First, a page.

Top 5 Reviews and Videos of the Week: Lexus LC 500h Attracts Admirers

2018 Lexus LC 500h

Over the past week, our readers have shown impeccable taste when it comes to vehicle styling, bringing the 2018 Lexus LC 500h into second place among our most read car reviews. In fact, more people read the review (many times over) during the last week than the number of LC 500h examples Cars.com reviewer Joe Bruzek found for sale on our site; he was only able to track down nine listed across the country when writing his review.

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Bruzek has high praise for the LC 500h's looks, but the powertrain and driving experience are more of a mixed bag:

"The LC is an amazing-looking car that drives amazingly with the V-8, but it loses a lot of its soul not having the responsive, cackling gas engine," he notes.

Bruzek also expressed disappointment about the use of hybrid technology solely for fuel efficiency while some competitors' electrified models get an electrifying performance boost. Check out his review to see if the fuel economy advantage makes the LC 500h worth it to you.

Video watchers last week focused on two redesigned cars, 2019 versions of the Nissan Altima and BMW X5. Our First Drive video for the X5 occupies the top spot, with the Altima's First Drive close behind. Rounding out the top five are Cars.com reviewer Mike Hanley's take on why the 2018 Audi A4 is a winner, useful car hacks and our review of the 2019 Jeep Cherokee.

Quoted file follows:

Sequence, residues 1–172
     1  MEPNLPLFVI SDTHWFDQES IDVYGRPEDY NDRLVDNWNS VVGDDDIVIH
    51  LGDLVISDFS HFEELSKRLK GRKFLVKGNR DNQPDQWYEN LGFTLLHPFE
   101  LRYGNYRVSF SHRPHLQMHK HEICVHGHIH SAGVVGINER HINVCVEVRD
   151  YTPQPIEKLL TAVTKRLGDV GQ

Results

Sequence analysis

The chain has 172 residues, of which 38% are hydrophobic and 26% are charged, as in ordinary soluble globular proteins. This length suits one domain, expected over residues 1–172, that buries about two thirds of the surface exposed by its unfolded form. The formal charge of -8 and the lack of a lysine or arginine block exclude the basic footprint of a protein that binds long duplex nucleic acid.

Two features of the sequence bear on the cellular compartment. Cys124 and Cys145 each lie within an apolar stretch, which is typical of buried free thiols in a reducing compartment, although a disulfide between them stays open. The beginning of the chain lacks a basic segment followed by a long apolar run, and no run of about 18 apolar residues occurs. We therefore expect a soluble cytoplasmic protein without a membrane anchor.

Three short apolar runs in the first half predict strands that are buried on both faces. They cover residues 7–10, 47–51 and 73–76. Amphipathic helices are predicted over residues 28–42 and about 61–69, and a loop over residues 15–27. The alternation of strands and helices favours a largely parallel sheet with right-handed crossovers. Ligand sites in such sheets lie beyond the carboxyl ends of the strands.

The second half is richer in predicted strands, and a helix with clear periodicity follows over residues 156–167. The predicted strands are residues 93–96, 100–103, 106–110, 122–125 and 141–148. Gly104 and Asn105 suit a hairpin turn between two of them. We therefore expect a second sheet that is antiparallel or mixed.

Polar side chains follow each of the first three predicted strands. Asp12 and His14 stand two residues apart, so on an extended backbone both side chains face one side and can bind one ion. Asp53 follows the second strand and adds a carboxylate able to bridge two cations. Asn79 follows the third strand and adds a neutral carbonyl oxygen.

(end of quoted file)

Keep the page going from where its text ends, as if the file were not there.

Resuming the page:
Top 5 Reviews

1. 2018 Land Rover Range Rover Review: Plush and Poised, With a Push-Button Problem

2. 2018 Lexus LC 500h Review: High Class and High Mileage

3. 2018 Maserati GranTurismo Convertible Review: A Fine Wine Borders on Overripe

4. 2019 Mazda CX-3 Review: Good Things, But in a Small Package

5. 2019 Hyundai Veloster Review: Funky Fun

Top 5 Videos

1. 2019 BMW X5: First Drive

2. 2019 Nissan Altima: First Drive

3. What Makes the 2018 Audi A4 a Winner?

4. Clever Car Hacks

5. 2019 Jeep Cherokee: Review

Cars.com's Editorial department is your source for automotive news and reviews. In line with Cars.com's long-standing ethics policy, editors and reviewers don't accept gifts or free trips from automakers. The Editorial department is independent of Cars.com's advertising, sales and sponsored content departments.

 
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